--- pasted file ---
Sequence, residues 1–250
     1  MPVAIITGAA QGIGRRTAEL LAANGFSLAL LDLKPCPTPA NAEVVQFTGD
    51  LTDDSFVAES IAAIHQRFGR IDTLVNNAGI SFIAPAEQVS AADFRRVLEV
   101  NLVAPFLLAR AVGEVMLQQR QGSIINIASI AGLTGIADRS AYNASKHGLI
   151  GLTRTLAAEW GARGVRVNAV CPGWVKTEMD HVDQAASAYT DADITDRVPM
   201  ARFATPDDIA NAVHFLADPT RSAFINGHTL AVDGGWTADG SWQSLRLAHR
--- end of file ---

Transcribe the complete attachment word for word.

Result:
Sequence, residues 1–250
     1  MPVAIITGAA QGIGRRTAEL LAANGFSLAL LDLKPCPTPA NAEVVQFTGD
    51  LTDDSFVAES IAAIHQRFGR IDTLVNNAGI SFIAPAEQVS AADFRRVLEV
   101  NLVAPFLLAR AVGEVMLQQR QGSIINIASI AGLTGIADRS AYNASKHGLI
   151  GLTRTLAAEW GARGVRVNAV CPGWVKTEMD HVDQAASAYT DADITDRVPM
   201  ARFATPDDIA NAVHFLADPT RSAFINGHTL AVDGGWTADG SWQSLRLAHR